Officials in Buffalo, Missouri were asked to consider banning pit bulls in the city limits at the alderman meeting on January 9. The Board of Alderman are going to consult with the city attorney, and may look into an ordinance similar to that of Springfield, MO, which is breed specific.
Please send your polite, respectful and informative opposition to BSL to the Buffalo officials. Please also include viable alternatives, suggestions and good, breed-neutral ordinances for their consideration. E-mail contact information is not available, but correspondence may be faxed to city hall at (417) 345-2700.
There is also a POLL asking if the Buffalo Board of Alderman should consider regulating pit bulls. Please be sure to vote.
102 N. Poplar
Buffalo, Mo 65622
Buffalo aldermen asked to ban pit bulls in city limits
After being attacked by a pit bull terrier and seeing his own dog killed by the same dog two weeks later, Don Payton said it’s time for Buffalo to ban pit bulls from the city limits.
Payton addressed the Buffalo Board of Aldermen at its regular meeting Monday, Jan. 9, and asked for an ordinance to prohibit the dogs from being present in the city.
“These dogs are vicious. They’re cruel and they don’t belong in the city of Buffalo,” he said.
Payton was involved in an incident with a pit bull on Friday, Dec. 30, when he called to report the animal killing another dog, according to a report from the Buffalo Police Department. Police arrived less than 10 minutes later to find a pit bull biting and shaking a white dog, which was dead. When two officers exited their car, according to the report, the pit bull dropped the dog and charged at them aggressively, leaving the officers forced to shoot and kill the pit bull.
But, others present at Monday night’s meeting said not all pit bulls are bad. Cookie Hawkins said her family owned a pit bull which was an excellent dog. She said although she would hate to see anyone injured, she didn’t agree with banning one breed of dog.
“I think if you ban one breed, pretty soon you’ll be banning another breed and another breed,” she said.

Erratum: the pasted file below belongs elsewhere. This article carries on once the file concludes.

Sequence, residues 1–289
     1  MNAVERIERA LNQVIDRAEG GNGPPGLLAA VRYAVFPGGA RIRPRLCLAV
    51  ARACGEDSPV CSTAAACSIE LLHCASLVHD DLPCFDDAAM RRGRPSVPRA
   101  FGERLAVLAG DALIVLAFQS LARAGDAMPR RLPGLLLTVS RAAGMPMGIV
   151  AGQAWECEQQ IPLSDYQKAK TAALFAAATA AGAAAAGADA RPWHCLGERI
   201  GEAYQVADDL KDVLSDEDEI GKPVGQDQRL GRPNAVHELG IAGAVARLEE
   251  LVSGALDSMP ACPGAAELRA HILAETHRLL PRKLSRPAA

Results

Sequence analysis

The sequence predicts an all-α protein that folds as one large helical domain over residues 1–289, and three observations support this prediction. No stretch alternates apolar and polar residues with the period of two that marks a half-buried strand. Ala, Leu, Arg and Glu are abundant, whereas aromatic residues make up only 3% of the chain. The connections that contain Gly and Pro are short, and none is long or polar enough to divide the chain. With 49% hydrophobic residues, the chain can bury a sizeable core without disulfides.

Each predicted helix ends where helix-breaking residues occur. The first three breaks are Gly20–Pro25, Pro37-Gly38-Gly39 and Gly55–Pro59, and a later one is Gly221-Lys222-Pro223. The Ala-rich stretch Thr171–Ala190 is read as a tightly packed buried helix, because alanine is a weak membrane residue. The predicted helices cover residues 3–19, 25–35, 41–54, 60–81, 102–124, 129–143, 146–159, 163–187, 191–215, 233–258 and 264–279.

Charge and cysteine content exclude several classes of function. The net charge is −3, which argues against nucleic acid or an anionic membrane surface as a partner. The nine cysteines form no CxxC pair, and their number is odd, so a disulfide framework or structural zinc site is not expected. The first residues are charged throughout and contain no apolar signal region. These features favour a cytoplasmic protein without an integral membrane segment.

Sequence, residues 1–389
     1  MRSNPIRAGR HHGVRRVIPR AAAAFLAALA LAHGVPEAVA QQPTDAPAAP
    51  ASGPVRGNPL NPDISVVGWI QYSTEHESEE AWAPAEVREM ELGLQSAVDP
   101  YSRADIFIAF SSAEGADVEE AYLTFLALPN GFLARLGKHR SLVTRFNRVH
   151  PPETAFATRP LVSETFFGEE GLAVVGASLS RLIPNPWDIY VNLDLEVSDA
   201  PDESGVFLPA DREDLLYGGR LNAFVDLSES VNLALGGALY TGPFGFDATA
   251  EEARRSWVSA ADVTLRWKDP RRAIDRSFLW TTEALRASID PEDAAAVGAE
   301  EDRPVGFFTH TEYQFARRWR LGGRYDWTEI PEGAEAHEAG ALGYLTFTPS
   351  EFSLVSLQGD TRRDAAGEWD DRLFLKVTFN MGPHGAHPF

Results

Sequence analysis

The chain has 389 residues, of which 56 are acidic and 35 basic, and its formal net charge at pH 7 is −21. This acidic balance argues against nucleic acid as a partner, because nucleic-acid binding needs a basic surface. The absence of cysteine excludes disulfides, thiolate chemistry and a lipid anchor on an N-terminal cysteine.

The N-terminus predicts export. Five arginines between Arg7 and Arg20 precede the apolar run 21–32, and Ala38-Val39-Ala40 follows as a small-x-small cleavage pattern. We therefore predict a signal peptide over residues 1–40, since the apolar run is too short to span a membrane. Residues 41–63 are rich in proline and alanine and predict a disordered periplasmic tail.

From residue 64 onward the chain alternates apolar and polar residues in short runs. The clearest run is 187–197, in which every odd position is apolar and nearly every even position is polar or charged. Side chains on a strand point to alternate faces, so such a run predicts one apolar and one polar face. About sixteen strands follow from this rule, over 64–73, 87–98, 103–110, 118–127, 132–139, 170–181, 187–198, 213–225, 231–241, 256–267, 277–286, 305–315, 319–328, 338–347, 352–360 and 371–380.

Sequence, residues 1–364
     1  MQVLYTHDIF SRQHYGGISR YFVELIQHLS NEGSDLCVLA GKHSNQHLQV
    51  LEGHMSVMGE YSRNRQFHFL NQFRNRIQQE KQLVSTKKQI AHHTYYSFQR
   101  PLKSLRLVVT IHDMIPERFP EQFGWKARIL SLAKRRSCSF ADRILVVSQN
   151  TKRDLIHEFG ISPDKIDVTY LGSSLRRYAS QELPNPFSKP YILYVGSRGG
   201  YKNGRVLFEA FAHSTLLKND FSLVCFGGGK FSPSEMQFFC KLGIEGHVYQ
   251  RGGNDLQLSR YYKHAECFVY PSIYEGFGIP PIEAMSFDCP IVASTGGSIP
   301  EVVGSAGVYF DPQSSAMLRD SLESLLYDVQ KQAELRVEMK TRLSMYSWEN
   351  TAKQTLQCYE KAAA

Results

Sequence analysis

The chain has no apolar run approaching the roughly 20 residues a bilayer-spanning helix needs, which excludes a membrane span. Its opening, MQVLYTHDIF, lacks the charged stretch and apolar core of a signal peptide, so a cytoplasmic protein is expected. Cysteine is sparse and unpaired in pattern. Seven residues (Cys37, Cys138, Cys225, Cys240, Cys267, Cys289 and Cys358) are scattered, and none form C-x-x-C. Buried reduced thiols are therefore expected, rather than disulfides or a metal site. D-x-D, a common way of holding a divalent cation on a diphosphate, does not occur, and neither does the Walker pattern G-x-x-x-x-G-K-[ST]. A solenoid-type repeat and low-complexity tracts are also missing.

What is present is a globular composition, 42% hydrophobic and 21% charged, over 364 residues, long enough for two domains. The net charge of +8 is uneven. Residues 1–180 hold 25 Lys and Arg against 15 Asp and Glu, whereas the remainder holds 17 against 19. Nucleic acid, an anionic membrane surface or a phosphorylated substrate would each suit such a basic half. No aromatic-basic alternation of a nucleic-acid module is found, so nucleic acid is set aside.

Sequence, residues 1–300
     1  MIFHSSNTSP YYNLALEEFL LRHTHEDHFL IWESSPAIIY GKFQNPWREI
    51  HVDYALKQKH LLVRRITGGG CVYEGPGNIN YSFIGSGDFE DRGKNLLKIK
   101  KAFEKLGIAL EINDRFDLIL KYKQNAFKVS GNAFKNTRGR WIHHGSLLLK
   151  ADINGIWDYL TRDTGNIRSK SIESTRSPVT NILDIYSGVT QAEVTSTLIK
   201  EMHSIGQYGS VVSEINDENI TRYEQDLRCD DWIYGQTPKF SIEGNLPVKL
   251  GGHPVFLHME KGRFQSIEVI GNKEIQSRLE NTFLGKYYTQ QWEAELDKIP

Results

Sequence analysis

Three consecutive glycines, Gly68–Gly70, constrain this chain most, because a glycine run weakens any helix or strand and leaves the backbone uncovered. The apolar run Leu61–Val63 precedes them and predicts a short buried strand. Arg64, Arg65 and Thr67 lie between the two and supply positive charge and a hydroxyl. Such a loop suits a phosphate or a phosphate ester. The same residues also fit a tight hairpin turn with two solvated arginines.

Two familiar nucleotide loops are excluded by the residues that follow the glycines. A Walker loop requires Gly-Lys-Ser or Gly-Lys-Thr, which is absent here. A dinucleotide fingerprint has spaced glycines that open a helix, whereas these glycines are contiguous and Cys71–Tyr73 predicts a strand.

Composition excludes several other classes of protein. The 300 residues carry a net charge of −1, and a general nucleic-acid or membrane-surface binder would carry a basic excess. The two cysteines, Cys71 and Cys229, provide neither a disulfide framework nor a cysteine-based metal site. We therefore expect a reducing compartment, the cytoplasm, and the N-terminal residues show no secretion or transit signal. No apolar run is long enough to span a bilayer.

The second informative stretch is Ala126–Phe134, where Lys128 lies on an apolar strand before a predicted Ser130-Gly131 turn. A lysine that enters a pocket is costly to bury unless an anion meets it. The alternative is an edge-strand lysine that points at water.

She also wondered why the particular dog involved in the incident on Dec. 30 hadn’t been handled by the Buffalo Police Department and the city pound in accordance with the city’s vicious dog ordinance.
Payton said it was because the pound was unresponsive.
“You can leave a thousand messages down there at that dog pound and you’ll never get a call back,” he said.
Mayor Andrew Mead said he felt there may be constitutional limitations on just what the city could impose regarding pit bull restrictions, and proposed discussing the matter with the city attorney.
Springfield enacted an ordinance restricting pit bull ownership in 2006 after a pit bull attacked and severely injured a child in that city. Now, in Springfield, owners have to register their dogs with animal control, prove the dogs are vaccinated for rabies, pay $50 annually to register the dog, have a microchip inserted in the dog, keep the dog enclosed on the property and muzzled and leashed when outside of the owner’s property, and display a 8-inch by 10-inch sign that says “pit bull dog” at all entrances to their property, among other restrictions.
Mead and alderman Bob Whetsten said the city may consider alternatives similar to Springfield’s regulations to address breed-specific concerns in Buffalo after consulting with the city attorney.
Lynn Payton, department head of Buffalo Animal Control, was not at Monday night’s meeting.